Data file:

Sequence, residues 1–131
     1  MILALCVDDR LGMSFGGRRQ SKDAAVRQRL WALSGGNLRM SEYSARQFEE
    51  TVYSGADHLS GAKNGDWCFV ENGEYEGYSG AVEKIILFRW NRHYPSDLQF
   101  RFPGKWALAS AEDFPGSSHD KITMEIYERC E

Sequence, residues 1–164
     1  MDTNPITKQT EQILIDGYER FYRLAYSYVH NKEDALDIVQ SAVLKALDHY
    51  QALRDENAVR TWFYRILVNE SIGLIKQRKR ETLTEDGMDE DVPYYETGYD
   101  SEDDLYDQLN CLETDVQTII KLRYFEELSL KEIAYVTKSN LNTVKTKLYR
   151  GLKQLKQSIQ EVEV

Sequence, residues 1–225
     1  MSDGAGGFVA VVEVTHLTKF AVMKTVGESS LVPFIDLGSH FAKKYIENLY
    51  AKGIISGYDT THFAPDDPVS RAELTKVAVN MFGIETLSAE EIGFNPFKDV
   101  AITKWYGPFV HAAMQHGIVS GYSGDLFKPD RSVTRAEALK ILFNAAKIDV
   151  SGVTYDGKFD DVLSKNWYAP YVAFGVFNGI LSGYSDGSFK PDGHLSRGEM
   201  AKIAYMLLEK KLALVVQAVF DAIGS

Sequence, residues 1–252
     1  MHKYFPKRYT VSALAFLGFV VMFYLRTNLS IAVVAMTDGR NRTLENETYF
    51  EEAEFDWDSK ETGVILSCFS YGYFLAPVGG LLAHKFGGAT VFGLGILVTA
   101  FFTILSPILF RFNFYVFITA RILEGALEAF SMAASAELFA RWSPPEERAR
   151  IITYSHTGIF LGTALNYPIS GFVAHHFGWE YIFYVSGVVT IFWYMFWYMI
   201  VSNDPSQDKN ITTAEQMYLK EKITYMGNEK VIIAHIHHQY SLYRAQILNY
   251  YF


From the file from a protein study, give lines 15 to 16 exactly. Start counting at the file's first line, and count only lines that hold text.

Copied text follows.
   201  AKIAYMLLEK KLALVVQAVF DAIGS

Sequence, residues 1–252